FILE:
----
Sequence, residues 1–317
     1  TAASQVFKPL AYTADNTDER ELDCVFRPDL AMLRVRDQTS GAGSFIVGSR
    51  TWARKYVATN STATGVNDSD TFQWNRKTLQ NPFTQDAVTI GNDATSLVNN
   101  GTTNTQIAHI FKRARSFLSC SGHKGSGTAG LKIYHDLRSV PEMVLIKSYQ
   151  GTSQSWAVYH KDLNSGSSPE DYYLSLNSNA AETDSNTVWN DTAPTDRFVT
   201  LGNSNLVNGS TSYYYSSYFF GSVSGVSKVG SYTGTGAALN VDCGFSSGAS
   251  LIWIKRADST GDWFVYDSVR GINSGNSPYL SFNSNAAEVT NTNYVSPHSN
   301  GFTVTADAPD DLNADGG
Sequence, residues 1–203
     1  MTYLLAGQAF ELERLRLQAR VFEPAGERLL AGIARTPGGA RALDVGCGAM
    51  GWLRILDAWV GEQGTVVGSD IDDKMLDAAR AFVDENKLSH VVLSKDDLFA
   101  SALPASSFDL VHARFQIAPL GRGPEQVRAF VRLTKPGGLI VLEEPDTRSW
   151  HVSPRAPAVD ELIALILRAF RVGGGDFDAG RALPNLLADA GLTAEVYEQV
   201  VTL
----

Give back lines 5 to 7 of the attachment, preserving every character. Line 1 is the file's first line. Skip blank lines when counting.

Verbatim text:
   151  GTSQSWAVYH KDLNSGSSPE DYYLSLNSNA AETDSNTVWN DTAPTDRFVT
   201  LGNSNLVNGS TSYYYSSYFF GSVSGVSKVG SYTGTGAALN VDCGFSSGAS
   251  LIWIKRADST GDWFVYDSVR GINSGNSPYL SFNSNAAEVT NTNYVSPHSN